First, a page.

What should you do when your employees went the extra miles and did well in his job? Is peppering them with reward or praise enough? Let’s find out.
Perks and benefits are among crucial factors that make employees stay in a company. However, these supplements are not enough without the touch of genuine recognition. Why recognition?
Victor Lipman, management trainer and author of The Type B Manager, found that recognition matters more than money. Lipman cited that 80 percent employees feel recognition was more fulfilling than any other rewards or gifts. Praise is more motivating when it comes to recognising employee’s well-conducted job as it engages employees more for all ages, especially for the rising Millennial population in the workplace.
See also: Giving Recognition in Digital Workplace
In Globoforce data, for example, HR leaders surveyed said that employee recognition in the form of praise can strengthen the relationship between employees to employees, employees to a company, and employees to bosses. Besides that, majority respondents (85 percent) said employee recognition has a positive effect on organisational culture and 84 percent said employee recognition program has helped employee engagement as it brings positive value to an organisation, which also improves employee experience.
On the other hand, there will be consequences for leaders who fail to deliver proper recognition to the workforce. When a company is lack of recognition, employees will likely flee from their job. A pool by employee recognition app maker Recognize found that almost half of employees will quit when recognition is lacking. And a study by Woohoo inc cited that lack of praise can be demotivating and contribute to unhappiness. It also becomes top five reasons why employees gave up for “happiness” at work which drive them to leave their job.
Given the reasons how important recognition is, you should be aware of what kind of recognition you should apply. There are different ways to appreciate your employees. Here are three types of recognition mentioned by The University of Iowa
Employees interact with their co-worker more often than with a supervisor or boss. Therefore, why peer-to-peer could be an effective choice to be applied. Additionally, peer-to-peer can reach to a deeper level of recognition as fellow workers often witness something that supervisors/managers fail to do so. It can also be done in an informal way with good humour which will make it easier to implement than formal recognition.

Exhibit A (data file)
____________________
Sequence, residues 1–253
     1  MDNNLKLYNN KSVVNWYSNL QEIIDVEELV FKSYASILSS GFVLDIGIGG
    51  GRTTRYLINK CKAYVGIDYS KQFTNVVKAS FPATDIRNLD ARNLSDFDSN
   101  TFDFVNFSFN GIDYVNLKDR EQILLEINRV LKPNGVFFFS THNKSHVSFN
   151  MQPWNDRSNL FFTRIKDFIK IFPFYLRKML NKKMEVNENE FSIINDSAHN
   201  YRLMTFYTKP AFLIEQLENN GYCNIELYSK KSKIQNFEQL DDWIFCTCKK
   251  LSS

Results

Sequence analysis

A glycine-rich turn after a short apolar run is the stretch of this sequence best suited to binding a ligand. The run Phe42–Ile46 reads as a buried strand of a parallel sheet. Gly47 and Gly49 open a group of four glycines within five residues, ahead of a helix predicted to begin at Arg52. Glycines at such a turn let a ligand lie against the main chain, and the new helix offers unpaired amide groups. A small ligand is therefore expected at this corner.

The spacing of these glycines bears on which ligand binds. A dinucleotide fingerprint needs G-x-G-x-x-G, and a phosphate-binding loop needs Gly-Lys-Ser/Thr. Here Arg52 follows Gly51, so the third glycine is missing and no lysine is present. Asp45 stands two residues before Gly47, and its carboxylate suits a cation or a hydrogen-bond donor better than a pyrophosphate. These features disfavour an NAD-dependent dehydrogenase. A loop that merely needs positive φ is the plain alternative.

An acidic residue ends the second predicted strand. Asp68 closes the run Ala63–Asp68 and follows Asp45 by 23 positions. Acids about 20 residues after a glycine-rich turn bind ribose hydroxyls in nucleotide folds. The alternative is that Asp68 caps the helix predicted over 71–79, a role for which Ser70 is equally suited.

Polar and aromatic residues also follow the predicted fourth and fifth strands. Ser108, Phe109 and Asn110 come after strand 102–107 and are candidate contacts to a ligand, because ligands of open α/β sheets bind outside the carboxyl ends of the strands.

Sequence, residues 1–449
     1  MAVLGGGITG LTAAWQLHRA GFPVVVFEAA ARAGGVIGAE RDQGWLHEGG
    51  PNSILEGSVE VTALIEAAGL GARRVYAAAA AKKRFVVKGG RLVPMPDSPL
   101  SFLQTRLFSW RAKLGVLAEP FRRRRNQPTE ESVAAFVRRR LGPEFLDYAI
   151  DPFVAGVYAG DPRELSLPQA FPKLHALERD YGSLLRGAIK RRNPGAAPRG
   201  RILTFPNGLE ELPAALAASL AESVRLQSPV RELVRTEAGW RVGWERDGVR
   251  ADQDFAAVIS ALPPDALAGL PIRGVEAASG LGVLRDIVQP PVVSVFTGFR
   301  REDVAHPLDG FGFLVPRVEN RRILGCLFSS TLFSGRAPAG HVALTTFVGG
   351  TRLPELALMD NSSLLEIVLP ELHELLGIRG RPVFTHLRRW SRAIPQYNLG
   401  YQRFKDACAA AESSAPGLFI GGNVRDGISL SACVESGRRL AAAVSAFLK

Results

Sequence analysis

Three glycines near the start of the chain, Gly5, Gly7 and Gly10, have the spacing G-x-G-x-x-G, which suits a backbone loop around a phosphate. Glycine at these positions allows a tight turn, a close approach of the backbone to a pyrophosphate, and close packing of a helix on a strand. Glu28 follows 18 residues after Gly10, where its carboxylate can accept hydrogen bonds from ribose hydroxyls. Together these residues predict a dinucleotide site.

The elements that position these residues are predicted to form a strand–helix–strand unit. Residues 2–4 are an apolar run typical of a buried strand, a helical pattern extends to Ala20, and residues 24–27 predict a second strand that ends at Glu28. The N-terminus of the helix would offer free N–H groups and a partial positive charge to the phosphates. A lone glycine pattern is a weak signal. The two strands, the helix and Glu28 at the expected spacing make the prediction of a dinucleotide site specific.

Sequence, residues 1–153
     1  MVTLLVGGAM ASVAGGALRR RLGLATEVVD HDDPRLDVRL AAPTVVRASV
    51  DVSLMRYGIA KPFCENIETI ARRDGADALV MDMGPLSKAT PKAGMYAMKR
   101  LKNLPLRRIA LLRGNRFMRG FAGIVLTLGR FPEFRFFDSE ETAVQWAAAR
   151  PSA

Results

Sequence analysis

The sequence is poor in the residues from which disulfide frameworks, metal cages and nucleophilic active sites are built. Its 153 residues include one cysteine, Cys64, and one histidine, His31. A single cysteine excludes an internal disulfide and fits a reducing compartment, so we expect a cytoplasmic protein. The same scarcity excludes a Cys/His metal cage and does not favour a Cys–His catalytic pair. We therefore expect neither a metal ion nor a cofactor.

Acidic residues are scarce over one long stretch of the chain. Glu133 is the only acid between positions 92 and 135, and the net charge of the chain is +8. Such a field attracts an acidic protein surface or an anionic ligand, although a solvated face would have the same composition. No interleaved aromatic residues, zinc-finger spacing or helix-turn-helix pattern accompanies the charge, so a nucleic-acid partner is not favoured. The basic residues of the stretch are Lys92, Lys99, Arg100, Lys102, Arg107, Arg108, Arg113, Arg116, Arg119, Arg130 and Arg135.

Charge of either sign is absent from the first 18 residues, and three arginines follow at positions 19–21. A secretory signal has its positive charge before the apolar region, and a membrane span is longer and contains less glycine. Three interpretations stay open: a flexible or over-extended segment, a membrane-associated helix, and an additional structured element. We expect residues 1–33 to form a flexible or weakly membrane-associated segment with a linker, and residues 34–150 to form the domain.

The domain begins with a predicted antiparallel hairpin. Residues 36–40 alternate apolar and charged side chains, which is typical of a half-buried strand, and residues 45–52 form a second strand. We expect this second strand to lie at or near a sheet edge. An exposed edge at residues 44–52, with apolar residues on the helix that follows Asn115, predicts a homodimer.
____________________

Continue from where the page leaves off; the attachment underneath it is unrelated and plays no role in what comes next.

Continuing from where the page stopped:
The practice of peer-to-peer recognition can include: post a thank-you note, seek out the person for a positive remark, give a candy gram/snickers for their good act, send flower, nominate them for IOWA (Improving Our Workplace Award), and many more.
Success is hard to be achieved without solid teamwork. So, when a team achieve their weekly, monthly, or yearly goal, it is maybe a time to praise the whole team. You can praise a team for when they take on extra work, help other teams, develop a positive way to deal with a problem, or solve a big problem. By motivating the whole team, it will improve their performance and motivation to work better together. Communication will also be better and strengthen in workplace.
Examples of team recognition include: send letters to team members, submit an article about a team to a newsletter, post on website, submit an IOWA nomination, maintain team bulletin board with photos of accomplishments, or throw a party in honour of their accomplishments.
Supervisor to staff recognition
The need for boss and supervisor to recognise employees’ achievements is important because it boosts employee overall motivation and happiness. Once a month or bi-weekly, one-on-one meeting focuses on recognition will be the best practice. You can also praise employees by writing public or private comments, giving trophy or plaque for employee of the moth, providing educational sessions in workplace, or offering neck massage in workplace.
Read also: The Bad Impacts of Giving “Too Much” Recognition